(583) Turdus feae.
Merula feae Salv., Ann. Mus. Civ. Gen., (2) v, p. 514 (1887) (Muleyit Mt.); Blanf. & Oates, ii, p. 135.
Vernacular names. Daokat jadi,(Cachari).
Description.— Adult male. Whole upper plumage russet-brown; a narrow supercilium white; lores black; a patch under the eye and chin white; centre of lower breast, abdomen and under tail-coverts white, the last with broad grey-brown margins ; remainder of lower surface, under wing-coverts and axillaries grey, the sides of the head, neck and breast more or less suffused with the rusty hue of the upper parts.
Colours of soft parts. Iris brown to deep chocolate; bill dark brown, yellowish at the base and nape ; legs and feet pale yellow-brown.
Measurements. Wing 124 to 131 mm.; tail 80 to 96mm.: tarsus 30 mm.; culmen about 19 to 20 mm.
Female. Above like the male; below, chin and throat white speckled with brown and the grey of the male replaced by fulvous-grey except in very old birds, which are almost as grey as the males.
Distribution. Assam, South of the Brahmaputra, Manipur and the hills of Central Burma to Muleyit Mountain in Tenasserim.
Nidification. Fea's Thrush is probably resident throughout its range, and in the hills South of the Brahmaputra it certainly breeds at all heights over 4,000 feet, though not often below 5,000 feet. It makes a typical Blackbird's nest of twigs, leaves, grass and a great deal of moss, both dry and green ; the lining is of grass but under this there is always a layer of moss, roots and mud and often there is a considerable amount of earth mixed with the materials in the body of the nest. It is a rather massive cup, fairly well put together and is generally placed in a small tree or sapling between 8 and 20 feet from the ground but sometimes it is placed low down in Azalea and Rhododendron bushes. It is not well concealed and as the bird always leaves it with a loud alarm-cry it is not easy to miss it. All those I have seen were placed on trees and bushes well inside heavy wet forest growing on steep hillsides, broken with rocks and stony ravines. They breed from the end of May to the middle of July.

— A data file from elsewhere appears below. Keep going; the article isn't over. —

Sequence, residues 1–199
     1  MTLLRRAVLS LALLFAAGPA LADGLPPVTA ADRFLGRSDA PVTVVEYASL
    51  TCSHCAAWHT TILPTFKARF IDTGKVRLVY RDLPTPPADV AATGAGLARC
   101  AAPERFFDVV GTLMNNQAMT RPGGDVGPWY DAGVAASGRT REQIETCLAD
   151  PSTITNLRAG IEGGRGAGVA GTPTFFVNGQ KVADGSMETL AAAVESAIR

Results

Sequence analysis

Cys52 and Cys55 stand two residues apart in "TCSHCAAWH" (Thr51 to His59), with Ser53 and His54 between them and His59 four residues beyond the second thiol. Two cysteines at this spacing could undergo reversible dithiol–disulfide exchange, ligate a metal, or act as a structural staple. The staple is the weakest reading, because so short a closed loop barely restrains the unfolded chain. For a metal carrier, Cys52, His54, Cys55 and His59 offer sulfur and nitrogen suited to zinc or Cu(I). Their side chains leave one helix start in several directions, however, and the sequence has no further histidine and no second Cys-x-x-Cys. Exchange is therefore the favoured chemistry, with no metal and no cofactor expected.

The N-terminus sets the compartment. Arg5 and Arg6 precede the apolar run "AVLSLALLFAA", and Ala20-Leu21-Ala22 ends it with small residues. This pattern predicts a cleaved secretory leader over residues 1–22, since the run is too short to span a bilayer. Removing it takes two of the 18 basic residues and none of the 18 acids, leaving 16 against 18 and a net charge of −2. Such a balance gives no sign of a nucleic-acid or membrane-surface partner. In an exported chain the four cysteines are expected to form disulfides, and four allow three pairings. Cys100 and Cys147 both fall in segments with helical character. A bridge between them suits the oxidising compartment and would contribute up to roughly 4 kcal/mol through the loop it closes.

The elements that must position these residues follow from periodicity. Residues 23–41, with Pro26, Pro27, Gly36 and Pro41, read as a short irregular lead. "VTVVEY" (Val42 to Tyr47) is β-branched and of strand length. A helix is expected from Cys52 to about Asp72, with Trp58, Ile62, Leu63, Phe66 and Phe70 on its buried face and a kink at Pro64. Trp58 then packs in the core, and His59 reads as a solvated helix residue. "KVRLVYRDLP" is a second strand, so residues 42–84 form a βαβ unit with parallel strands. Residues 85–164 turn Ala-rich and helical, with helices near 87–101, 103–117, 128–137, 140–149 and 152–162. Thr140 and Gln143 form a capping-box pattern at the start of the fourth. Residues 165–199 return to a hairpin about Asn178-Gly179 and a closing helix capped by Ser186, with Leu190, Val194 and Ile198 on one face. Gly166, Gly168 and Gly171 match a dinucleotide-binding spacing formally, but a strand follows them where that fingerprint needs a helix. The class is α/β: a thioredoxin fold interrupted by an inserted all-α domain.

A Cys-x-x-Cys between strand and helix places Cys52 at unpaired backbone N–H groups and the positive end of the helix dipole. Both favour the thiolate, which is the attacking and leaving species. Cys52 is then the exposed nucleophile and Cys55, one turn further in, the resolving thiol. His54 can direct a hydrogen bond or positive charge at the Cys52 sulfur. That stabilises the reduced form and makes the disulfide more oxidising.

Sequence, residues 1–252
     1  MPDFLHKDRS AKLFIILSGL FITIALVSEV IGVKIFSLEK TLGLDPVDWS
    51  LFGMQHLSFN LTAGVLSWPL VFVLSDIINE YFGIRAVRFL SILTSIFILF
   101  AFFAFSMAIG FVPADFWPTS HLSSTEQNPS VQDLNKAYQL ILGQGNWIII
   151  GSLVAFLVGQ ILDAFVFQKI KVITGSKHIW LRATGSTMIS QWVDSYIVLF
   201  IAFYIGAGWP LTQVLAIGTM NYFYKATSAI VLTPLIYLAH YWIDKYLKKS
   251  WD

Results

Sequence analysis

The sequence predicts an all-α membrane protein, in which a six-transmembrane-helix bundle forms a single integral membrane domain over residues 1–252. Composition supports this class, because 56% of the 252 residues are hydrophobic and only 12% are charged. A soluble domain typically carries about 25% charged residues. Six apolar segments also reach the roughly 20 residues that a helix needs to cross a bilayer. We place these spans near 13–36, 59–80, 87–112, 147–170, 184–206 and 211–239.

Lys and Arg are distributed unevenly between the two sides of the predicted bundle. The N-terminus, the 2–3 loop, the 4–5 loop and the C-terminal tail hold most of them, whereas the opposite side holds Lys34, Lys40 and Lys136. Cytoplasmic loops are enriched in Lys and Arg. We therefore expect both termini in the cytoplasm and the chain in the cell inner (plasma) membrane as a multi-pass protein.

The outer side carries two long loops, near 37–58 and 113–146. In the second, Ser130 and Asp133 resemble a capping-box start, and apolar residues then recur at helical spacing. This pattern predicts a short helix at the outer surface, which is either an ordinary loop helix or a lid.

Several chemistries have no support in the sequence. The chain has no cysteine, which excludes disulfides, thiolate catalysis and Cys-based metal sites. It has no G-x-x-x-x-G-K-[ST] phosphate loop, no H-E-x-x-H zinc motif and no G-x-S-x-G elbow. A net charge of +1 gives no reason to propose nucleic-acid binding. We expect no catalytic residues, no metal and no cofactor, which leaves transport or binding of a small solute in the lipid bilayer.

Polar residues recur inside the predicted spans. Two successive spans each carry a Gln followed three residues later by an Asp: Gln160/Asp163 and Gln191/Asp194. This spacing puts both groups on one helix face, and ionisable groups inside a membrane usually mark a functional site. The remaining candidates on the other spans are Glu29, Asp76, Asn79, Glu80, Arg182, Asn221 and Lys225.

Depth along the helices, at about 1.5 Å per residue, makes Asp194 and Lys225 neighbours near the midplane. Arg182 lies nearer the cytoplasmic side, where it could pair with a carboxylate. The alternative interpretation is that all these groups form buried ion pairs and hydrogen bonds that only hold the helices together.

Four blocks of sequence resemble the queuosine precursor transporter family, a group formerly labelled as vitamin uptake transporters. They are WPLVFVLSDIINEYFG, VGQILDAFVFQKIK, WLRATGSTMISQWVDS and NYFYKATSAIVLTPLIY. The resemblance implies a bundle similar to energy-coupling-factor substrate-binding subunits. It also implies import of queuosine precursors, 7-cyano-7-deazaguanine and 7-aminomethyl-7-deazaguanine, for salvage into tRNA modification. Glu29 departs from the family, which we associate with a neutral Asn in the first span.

Four seems to be the full complement of eggs laid and these vary extraordinarily in colour. Some are just like very small eggs of the Missel-Thrush, others have a bright pale blue ground-colour with a ring or cap of reddish blotches at the larger end and most are pale greenish in ground-colour, richly blotched all over with bright reddish marks of some size. In shape they are broad ovals but little" compressed at the smaller end. Sixteen eggs average 27.3 x 19.8 mm. the maxima are 29.2 x 20.0 and 28.7 x 20.8 mm.; the minima are 25.7 X 19.0 mm.
Habits. I found this bird to be a frequenter of the interiors of dark, wet forests above 4,000 feet, keeping to the densest parts, especially in the vicinity of small mountain-streams. It is apparently more of a tree- than a ground-feeder but was several times noticed hunting huge moss-covered boulders and rocks in the Rhododendron-forests above Shillong. Once or twice I saw it perched high up on a Rhododendron, uttering its short and jerky but rather sweet song but it was very shy and all one usually saw of it was a hurried glimpse as it shot across the stream or from one tree to another. The stomach of one bird contained a mass of small black spiders and wild strawberries, both insects and fruit being exceedingly common on and round the rocks in the Khasia Hills forests. Its flight is very rapid but never seems to be prolonged. As far as is known at present Fea's Thrush is not migratory and in Assam it did not even move vertically with the seasons.